Optimizing water includes reducing the need for water, eliminating water waste and using the most appropriate water quality for the right use. For instance, drinking-quality water is not needed for use in cooling towers, toilets and landscaping. Significant energy is required to produce drinking-quality water, so using less-refined water for the right use can also lead to energy savings and fewer climate change-contributing emissions.
- Achieve a 15% reduction in water imported to the university by fiscal year 2023.
- Update: In FY 2020, water used increased by 19% since FY 2007. It’s important to note that building space increased 43%, and on-campus students increased by over 33% in the same period.
- Incorporate university research into water and wastewater operations to harvest energy and nutrients from university effluent by fiscal year 2025.
- Incorporate university research into water and wastewater operations to develop campus community health goals, metrics and baselines by fiscal year 2019.
- Update: ASU supports the Tempe Opioid Wastewater Collection Data Dashboard by providing data on nicotine, alcohol, performance-enhancing drug use (Adderall, ADHD drugs, etc.), anti-depressants, opioids, caffeine, Illicit stimulants (e.g., cocaine), hallucinogens (e.g., MDMA), stress hormones, opioid treatment/reversal (e.g., Methadone, Naloxone), as well as community COVID-19 infection monitoring through wastewater testing and analytics.
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Wastewater is a resource rather than waste from the circular resource system perspective. Wastewater contains water, chemical energy and nutrients. ASU is actively researching methods to extract these resources from its wastewater and close that resource loop, thus displacing a portion of the water, energy and fertilizers currently imported onto campus.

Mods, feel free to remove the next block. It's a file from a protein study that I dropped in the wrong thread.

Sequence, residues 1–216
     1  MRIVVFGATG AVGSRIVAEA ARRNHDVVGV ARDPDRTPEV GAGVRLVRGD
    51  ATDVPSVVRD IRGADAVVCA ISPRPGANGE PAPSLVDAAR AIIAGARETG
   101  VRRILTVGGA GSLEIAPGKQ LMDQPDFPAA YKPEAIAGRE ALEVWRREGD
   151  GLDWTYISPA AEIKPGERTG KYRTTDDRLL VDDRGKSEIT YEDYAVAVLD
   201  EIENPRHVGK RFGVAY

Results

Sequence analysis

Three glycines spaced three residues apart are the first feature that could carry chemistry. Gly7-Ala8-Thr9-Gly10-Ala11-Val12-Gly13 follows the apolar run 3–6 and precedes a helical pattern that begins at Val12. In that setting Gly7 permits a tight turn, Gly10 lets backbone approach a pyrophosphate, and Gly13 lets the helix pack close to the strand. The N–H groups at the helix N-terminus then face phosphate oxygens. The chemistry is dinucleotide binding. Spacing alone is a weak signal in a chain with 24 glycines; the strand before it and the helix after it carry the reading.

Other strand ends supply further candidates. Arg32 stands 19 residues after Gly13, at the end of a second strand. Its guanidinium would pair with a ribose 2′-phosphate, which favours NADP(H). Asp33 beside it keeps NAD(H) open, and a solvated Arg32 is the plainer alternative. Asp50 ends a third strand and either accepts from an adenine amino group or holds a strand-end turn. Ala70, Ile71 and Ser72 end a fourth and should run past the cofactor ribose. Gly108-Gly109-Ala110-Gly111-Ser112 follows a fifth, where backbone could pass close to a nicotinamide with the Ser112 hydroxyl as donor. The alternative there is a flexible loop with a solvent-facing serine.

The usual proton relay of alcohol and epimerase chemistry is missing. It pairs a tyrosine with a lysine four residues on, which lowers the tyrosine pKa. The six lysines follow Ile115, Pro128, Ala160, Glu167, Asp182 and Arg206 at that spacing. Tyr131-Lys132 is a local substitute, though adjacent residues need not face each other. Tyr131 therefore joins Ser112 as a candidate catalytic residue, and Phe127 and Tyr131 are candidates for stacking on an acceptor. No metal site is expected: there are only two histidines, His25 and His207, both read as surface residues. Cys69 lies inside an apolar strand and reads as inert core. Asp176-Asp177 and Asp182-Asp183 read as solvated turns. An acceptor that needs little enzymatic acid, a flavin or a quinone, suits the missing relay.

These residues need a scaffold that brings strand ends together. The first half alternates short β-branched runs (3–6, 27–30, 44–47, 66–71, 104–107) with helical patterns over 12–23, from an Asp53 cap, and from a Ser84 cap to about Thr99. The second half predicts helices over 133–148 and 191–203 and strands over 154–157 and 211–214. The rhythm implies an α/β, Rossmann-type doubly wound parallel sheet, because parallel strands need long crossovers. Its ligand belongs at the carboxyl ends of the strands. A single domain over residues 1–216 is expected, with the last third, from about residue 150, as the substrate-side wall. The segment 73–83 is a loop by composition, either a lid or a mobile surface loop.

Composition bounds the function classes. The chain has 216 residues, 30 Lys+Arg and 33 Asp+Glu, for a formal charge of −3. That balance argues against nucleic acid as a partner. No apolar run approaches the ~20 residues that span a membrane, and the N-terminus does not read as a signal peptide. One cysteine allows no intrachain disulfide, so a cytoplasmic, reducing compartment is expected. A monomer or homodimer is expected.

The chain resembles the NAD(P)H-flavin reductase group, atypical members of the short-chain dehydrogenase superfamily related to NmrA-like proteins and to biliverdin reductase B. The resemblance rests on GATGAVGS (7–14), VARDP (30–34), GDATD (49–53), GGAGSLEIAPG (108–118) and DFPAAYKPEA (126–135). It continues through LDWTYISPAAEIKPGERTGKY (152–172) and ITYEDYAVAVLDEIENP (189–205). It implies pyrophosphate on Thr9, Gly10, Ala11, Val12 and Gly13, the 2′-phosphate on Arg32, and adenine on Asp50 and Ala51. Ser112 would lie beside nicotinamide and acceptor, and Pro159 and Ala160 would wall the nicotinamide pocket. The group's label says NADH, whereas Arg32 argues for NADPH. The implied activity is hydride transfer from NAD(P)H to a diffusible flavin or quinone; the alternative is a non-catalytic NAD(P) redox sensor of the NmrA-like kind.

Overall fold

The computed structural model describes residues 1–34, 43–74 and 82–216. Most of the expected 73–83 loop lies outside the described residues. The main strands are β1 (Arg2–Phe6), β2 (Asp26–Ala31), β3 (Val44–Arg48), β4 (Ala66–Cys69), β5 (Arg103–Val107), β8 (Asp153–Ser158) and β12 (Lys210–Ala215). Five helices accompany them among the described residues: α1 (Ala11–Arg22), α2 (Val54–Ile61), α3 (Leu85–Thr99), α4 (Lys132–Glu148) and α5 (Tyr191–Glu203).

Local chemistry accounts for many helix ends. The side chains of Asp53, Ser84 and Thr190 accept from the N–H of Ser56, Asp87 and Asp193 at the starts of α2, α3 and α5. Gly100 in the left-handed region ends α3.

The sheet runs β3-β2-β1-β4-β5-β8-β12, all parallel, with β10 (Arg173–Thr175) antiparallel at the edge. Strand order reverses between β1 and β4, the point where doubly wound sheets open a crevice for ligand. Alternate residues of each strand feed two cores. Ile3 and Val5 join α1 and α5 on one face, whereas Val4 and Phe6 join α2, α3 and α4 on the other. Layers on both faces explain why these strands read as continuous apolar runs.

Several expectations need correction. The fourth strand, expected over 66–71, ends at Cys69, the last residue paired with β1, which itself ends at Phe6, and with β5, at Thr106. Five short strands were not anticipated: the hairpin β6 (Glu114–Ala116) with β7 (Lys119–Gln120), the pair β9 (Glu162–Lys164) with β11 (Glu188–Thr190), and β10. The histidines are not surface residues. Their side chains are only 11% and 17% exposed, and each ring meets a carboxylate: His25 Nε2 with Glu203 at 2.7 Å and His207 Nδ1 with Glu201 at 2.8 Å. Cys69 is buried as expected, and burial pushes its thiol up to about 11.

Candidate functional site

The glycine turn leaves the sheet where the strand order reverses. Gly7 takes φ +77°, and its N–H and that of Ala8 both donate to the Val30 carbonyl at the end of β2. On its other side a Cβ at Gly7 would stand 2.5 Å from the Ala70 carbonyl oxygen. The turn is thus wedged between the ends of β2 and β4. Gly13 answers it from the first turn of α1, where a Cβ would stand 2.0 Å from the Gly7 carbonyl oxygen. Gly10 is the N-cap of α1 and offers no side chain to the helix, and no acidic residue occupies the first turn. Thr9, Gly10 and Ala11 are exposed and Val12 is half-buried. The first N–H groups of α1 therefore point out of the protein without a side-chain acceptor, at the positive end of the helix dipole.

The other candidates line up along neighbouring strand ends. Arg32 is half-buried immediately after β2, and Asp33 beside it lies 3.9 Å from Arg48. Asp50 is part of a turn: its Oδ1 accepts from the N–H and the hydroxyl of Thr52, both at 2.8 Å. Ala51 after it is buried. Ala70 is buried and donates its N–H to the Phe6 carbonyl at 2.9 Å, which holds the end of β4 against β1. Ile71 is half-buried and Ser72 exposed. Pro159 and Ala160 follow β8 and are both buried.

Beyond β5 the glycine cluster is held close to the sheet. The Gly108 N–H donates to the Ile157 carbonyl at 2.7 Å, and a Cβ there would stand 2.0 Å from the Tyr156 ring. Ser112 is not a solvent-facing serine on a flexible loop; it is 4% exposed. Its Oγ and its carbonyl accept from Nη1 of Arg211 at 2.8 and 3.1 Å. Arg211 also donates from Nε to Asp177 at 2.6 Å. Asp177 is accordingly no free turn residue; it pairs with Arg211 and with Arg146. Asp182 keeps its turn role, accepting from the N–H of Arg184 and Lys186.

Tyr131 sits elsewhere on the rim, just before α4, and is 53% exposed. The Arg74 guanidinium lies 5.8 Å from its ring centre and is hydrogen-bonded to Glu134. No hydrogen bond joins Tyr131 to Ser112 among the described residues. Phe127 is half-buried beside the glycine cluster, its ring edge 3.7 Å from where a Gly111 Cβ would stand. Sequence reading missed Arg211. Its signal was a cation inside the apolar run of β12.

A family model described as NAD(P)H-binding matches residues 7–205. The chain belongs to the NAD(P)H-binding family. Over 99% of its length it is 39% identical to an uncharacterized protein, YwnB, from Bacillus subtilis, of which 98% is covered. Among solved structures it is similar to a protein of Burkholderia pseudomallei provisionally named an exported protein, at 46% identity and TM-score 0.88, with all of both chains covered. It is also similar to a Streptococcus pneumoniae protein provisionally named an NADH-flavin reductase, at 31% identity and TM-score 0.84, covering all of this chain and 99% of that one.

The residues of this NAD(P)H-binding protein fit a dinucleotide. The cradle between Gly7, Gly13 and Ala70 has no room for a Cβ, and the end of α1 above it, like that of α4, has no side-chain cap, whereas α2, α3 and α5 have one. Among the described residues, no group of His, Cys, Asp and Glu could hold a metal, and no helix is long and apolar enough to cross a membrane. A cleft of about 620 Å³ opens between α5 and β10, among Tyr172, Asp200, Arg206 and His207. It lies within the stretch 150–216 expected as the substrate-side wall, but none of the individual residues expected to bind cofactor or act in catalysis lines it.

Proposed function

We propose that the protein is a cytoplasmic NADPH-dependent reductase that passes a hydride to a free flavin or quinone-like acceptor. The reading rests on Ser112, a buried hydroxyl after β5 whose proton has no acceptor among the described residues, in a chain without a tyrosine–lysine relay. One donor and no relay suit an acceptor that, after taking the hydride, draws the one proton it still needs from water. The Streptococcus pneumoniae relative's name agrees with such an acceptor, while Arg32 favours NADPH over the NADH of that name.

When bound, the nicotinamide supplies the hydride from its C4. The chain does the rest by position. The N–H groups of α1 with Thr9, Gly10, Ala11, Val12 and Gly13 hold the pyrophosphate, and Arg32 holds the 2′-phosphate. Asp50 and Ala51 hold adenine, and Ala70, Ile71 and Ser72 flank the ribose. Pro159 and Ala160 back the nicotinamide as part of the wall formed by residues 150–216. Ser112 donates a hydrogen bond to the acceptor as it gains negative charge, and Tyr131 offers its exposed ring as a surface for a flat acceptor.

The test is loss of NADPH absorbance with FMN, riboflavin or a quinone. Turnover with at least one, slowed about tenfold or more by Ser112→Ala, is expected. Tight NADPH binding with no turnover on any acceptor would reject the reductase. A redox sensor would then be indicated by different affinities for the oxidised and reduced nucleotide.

Water reuse is a core part of Arizona's water system, and ASU participates in shared regional water reuse systems. All of ASU's wastewater is reused through the reuse systems detailed below.
All wastewater produced at ASU's Tempe, Downtown Phoenix and West campuses is directed to the 91st Avenue Wastewater Treatment Plant. This facility is jointly owned by the Sub-Regional Operating Group Cities of Glendale, Mesa, Phoenix, Scottsdale and Tempe and is operated by the City of Phoenix. Treated water from this plant is reused for three purposes: to cool Palo Verde Nuclear Generating Station, for agriculture in the Buckeye Irrigation District, and recharged through the Tres Rios wetlands and the Agua Fria Linear Recharge Project.
Wastewater from the Polytechnic campus flows to the Greenfield Water Reclamation Plant, which is jointly owned by the Cities of Mesa and Gilbert, along with the town of Queen Creek. Treated water from this plant is sent to the Gila River Indian Community in exchange for Central Arizona Project supplies.
Lake Havasu campus wastewater is treated at Mulberry Wastewater Treatment Plant or the Island Wastewater Treatment Plant, depending on local conditions. Treated wastewater is recycled for non-potable uses in Lake Havasu City, such as landscape irrigation.
ASU is also actively designing new buildings with water-efficient fixtures and equipment, retrofitting existing buildings with water-efficient fixtures, analyzing campus water infrastructure for savings opportunities, implementing low-impact development practices and implementing new landscape irrigation controls for improved efficiencies.